The Law of Diminishing Returns is an economic truism. Its states that:

When increasing amounts of a variable factor of production are used in conjunction with a certain quantity of a fixed factor of production, the output per unit of the variable factor eventually begins to decline.

The operation of the law can be best understood by means of a simple example. Suppose a man decides to apply his labour to a ten-acre field in order to grow beet. Despite his best efforts he may find that he could do with extra help if the whole field is to be cultivated. If he employs a helper, total production of beet would probably rise significantly as each of them could specialise e.g. one ploughing the field and the other planting beet. Total output might even continue to rise significantly on the employment of a third worker. However the average output per worker will eventually begin to diminish as more and more workers are employed to work the ten acre field. In other words, when an increasing number of labour units are applied to a fixed quantity of land, the return per unit of labour eventually begins to diminish. Imagine thirty extra workers still trying to grow beet in this field. In such crowded circumstances workers would become a hindrance and obstruction to one another. Output per worker would fall significantly as the field became saturated with workers. A fixed piece of land can only yield a certain output and beyond a certain point the application of more and more workers will not increase the total output of the field significantly. Diminishing returns is said to have set in at the point at which average output per worker declined.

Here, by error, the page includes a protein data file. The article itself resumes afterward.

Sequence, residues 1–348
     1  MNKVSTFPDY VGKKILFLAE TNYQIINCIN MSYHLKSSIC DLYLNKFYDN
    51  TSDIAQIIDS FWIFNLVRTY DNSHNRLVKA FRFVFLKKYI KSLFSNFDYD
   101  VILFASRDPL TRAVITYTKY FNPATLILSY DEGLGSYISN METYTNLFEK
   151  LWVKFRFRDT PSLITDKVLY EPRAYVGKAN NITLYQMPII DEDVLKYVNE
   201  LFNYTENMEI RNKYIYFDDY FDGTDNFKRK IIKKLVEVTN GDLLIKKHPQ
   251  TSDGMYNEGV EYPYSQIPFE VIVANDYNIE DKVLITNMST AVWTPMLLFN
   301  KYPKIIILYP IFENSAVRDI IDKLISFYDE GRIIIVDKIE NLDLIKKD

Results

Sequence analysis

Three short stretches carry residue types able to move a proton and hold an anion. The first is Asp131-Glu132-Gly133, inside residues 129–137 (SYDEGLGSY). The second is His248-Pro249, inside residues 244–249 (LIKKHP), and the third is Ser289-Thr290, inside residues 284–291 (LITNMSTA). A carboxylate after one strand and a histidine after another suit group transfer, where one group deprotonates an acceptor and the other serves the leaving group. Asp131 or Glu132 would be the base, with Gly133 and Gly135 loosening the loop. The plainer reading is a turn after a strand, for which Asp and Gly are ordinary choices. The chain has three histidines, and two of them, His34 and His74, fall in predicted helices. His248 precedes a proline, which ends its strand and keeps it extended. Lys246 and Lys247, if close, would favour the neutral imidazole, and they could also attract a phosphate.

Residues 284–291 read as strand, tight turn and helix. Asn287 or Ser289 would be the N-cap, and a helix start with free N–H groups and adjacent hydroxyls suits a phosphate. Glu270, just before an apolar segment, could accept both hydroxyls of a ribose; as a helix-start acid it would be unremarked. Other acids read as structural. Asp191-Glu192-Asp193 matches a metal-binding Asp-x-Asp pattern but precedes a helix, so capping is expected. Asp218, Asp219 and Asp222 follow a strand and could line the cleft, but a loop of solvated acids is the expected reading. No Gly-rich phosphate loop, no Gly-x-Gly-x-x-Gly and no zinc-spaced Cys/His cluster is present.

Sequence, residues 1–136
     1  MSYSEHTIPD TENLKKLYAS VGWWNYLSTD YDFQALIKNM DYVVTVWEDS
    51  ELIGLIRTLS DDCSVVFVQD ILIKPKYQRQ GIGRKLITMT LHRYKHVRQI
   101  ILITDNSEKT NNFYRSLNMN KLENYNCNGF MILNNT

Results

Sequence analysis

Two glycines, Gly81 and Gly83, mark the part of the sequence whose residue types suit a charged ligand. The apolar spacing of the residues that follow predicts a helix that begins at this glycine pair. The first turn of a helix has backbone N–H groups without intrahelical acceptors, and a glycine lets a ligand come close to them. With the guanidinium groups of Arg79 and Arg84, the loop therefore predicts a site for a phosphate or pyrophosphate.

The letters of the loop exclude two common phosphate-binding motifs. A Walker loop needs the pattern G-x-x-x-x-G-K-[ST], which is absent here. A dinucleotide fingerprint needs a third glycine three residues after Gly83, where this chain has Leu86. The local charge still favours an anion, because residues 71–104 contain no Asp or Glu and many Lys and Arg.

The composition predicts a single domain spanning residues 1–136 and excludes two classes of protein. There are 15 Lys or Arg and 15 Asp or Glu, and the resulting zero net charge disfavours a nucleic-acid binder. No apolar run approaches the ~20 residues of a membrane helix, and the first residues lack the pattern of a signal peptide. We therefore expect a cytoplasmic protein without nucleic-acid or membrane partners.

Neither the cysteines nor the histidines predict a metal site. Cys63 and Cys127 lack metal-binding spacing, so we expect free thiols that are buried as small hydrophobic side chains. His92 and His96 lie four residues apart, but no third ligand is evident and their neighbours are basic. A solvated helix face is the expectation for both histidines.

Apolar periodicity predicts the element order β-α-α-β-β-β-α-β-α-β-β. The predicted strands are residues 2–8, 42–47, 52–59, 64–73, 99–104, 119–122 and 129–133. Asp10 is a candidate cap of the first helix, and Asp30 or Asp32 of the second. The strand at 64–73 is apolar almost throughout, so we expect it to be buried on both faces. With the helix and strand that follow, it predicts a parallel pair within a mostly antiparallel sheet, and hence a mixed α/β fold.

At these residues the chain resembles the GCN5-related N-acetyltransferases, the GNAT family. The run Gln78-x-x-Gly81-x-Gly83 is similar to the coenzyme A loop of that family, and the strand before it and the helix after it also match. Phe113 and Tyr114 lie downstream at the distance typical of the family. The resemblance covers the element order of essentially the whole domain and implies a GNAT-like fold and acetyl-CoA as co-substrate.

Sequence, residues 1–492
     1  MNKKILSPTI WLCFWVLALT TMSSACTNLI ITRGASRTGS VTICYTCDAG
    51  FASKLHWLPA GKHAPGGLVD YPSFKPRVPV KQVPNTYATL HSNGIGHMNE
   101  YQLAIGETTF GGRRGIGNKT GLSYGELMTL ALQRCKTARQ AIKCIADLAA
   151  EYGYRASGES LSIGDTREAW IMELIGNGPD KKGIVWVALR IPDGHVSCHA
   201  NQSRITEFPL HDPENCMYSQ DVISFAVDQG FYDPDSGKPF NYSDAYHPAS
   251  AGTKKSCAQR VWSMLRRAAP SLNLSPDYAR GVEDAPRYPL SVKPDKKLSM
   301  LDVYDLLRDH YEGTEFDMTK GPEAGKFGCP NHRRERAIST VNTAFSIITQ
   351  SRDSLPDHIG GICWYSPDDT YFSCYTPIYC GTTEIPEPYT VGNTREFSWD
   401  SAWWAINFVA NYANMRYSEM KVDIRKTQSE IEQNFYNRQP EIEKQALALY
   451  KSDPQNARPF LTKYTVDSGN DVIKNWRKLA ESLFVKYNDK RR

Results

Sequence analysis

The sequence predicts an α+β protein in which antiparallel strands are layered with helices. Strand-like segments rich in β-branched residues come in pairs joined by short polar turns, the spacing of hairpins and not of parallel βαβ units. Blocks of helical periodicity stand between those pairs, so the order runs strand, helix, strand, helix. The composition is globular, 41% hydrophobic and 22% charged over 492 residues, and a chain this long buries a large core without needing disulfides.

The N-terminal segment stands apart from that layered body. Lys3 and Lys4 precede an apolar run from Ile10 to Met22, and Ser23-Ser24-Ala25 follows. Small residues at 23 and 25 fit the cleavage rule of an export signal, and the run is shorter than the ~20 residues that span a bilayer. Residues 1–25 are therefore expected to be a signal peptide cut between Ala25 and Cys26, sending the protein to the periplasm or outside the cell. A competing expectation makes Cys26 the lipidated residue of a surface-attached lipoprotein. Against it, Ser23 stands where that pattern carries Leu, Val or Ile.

The law of diminishing returns is based on a number of assumptions:

1.Methods of production remain constant, as does the level of technology.

2.The quality of the the additional units of the factor being applied are constant.

3.The law assumes that one factor is fixed. Therefore, it only applies in the short run.

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